[Ip-health] 'Evergreening' patents protect big producers
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Tue Sep 13 03:15:54 PDT 2011
patent laws drive up drug prices, says institute 'Evergreening' patents
protect big producers
The Health Systems Research Institute has urged the Department of
Intellectual Property to amend the Patents Act and application process to
pave the way for greater access to medicines.
Of the 2,034 patents granted during the past decade, 1,960 were categorised
as "evergreening patents", meaning that the patent holders _ typically
large, multinational drug companies _ applied for new patents by making only
minor changes to formulas.
The strategy allows them to keep an existing patent in play for much longer.
Most patent applications ranged from medical use claims, (patents which
cover the way a drug treats a particular ailment), medicinal formulations
for drugs such as tablets, capsules and ointments, and the use and selection
of chemicals or pharmaceutical compounds in drugs, among others, said a
study by the institute's drug system research group.
The study also found that most of the patent holders in Thailand were
German, Swiss, Swedish, French, British or American companies.
Only 0.5% of patent applications were from Thai companies.
"Evergreening patents is a strategy widely used by multinational
pharmaceutical companies to retain profits from popular drugs for as long as
possible," said group researcher Nusaraporn Kessomboon, an academic at Khon
Kaen University 's faculty of pharmaceutical sciences.
"But this affects public access to affordable medicines as well as domestic
research and development.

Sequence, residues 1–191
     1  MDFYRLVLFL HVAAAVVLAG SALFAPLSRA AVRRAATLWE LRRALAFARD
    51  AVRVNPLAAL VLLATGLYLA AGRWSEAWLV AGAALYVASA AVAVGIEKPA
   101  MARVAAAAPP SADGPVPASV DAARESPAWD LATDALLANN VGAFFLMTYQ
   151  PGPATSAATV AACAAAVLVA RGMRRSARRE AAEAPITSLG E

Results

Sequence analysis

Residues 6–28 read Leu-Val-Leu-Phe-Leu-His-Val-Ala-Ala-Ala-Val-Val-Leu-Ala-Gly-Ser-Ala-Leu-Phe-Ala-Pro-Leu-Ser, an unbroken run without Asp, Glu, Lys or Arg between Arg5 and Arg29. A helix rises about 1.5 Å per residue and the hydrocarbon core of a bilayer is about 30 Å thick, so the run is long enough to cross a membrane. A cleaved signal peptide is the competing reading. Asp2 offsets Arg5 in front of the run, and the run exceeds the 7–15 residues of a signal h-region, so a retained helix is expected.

"The drug market is dominated by only a few patent holders and this has
forced Thais to buy expensive drugs."
Ms Nusaraporn said when an original patent gets close to expiring, many
foreign manufacturers will often claim they had to introduce complex or
speculative derivative products, which are often only minor changes to the
original drugs, in order to produce better results for patients.
Aids drug Atazanavir is one example of an evergreening patent. The original
patent for the drug was granted in 1997.
The drug company sought an extension of its 2005 patent to protect its place
in the HIV/Aids treatment market and then also requested a patent to protect
its formulation in 2008.
If the evergreening patent is granted, it could extend the validity of the
Atazanavir patent to 2028 from 2017, and in the process block attempts by
others to manufacture generic versions, said Ms Nusaraporn.
Usawadee Maleewong, a freelance researcher participating in the study, said
the next phase of research would look into the impact of evergreening
patents on people of various economic means by studying the top 100 kinds of
pharmaceuticals, such as cholesterol blockers, glucosamine, diabetes, heart
disease and Aids drugs, for example.
The study is expected to be completed by January 2012, she said.
Ms Usawadee said her group planned to submit the results to the Department
of Intellectual Property to seek ways of protecting Thais from big
companies' exploitation of evergreen patents.
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